Bhopal disaster - 20 years on (part III)

The fight is global

Feature story - December 2, 2004
On different continents in two very different communities, Paul and Ruby are battling Dow Chemical's refusal to take responsibility for its legacy of pollution, shady dealings and disregard for human life. In Part 3 of our feature, we hear from Paul and Ruby as they strengthen their resolve to keep up the fight - wherever they are in the world.

Local families play beside the river unaware that it is being polluted by effluent from Dow's plant up stream.

 

Ruby

The world is progressing at a new speed these days - but does anyone stop to think what sacrifices are made at the altar of this progress? We cannot even begin to estimate the many things that we have sacrificed in the name of progress; technology may have made our lives simpler, but the very same technology can be misused for destructive purposes.

Some companies are focussed only on their profits, to the extent of being inhuman - and Union Carbide (now owned by Dow Chemical) is the prime example of these. In all its years of operating in Bhopal, the company focussed entirely on its own profits, regardless of the cost of human life.

In my college in Bhopal, my friends and I spend most of our free time discussing the corporate crimes of Union Carbide in Bhopal. Most of my classmates are residents of other states, and knew very little about Bhopal before coming here. In fact, they only knew what the newspapers had told them about the Bhopal gas disaster. But I have related my story to them, and revealed the fact that the disaster was not an accident, but a premeditated acceptance of the 'risks' and a callous approach towards safety systems that 'cost too much' to be kept in operation. Once they have heard the full story, there is an almost unanimous understanding that none of us would ever want to work for a firm like this one!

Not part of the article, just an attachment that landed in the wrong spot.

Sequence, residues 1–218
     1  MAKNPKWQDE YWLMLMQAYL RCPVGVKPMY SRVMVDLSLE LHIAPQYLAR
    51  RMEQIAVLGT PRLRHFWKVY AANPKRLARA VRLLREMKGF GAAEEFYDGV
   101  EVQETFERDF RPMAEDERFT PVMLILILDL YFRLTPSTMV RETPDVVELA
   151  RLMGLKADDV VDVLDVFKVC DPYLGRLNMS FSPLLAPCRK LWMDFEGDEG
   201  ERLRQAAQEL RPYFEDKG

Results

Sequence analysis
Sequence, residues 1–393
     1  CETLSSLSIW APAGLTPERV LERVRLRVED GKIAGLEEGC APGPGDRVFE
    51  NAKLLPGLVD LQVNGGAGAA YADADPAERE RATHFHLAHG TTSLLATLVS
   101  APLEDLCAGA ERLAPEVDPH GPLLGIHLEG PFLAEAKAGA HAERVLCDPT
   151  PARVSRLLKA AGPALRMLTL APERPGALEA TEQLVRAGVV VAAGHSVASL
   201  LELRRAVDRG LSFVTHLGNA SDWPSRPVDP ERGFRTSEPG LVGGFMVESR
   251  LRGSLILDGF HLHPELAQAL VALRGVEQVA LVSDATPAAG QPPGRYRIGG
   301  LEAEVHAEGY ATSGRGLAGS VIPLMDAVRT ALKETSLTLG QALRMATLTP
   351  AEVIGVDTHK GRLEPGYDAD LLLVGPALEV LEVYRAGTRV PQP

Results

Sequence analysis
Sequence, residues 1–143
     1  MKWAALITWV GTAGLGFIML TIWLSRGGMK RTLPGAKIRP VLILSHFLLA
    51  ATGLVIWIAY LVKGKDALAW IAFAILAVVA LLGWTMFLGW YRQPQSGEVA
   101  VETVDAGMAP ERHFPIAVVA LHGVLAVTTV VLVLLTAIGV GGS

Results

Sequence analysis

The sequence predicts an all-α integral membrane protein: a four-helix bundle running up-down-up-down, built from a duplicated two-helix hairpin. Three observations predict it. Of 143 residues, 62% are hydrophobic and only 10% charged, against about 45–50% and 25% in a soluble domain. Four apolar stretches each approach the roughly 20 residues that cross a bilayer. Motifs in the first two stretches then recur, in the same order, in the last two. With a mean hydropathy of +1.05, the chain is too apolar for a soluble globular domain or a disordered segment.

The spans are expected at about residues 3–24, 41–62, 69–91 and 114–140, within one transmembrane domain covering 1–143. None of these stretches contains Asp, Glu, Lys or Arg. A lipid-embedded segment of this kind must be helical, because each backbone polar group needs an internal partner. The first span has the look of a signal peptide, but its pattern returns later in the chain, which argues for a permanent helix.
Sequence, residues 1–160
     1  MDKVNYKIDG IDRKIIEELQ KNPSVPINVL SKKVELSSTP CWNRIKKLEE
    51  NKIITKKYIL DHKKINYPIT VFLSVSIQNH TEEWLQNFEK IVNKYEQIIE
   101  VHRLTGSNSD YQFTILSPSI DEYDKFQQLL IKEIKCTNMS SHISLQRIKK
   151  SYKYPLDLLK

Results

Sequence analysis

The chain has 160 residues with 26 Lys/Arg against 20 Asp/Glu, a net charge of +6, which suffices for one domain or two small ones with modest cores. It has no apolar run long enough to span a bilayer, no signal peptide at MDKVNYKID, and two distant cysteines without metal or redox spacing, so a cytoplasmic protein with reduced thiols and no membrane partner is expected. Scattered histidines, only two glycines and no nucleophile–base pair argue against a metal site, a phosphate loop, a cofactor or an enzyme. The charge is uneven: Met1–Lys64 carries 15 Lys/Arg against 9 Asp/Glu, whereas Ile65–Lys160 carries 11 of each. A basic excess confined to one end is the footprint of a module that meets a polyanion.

In all its years of operating in Bhopal, the company focussed entirely on its own profits, regardless of the cost of human life



 

 

My classmates and I recently attended a seminar on health problems of survivors. My classmates were very moved by this seminar, and offered to help out with putting up posters, inviting people to the subsequent programmes and generally spreading the word. In fact, they all told me that they were keen to help our campaign for justice in Bhopal whenever they can.

One day, we were all sitting around and talking about our experience with this seminar, when someone came up with a brilliant suggestion - why not form a youth club to support the Bhopal campaign, and to oppose the work of irresponsible companies like Dow in other parts of the country! I knew this would prove to be a brilliant idea, because the power of youth joining our campaign would make a world of difference to the campaign. It will also ensure that the campaign gets another lease of life, with a new generation joining in to take it forward.

When I first read Paul's story, it seemed almost eerie - to think that he is going through almost the same kind of battle that our community is, and that too, because of the same company. His story and mine seem disturbingly similar. When I read his story, it seemed as if were both living in the same city.

Paul's story also strengthened my resolve further - I am now convinced that the battle against Dow Chemicals needs to be fought on the global scale, and spread the word, involve more youngsters in the campaign, and fight them more effectively.

I sincerely wish Paul and his community all the very best in their struggle. Maybe we can swap emails with ideas and tactics to help both our campaigns. While writing my own serial stories, and reading Paul's stories, I have realized the global nature of our campaign. I also feel like I have found a friend in Paul, learnt about his life, and presented our two different, yet similar stories to the millions of readers who log onto the Greenpeace website from around the world.

I can only hope that in 20 years time, when we are both in our 40's we can reflect on the day Dow accepted its responsibilities and did the right thing in Bhopal and Michigan.

Paul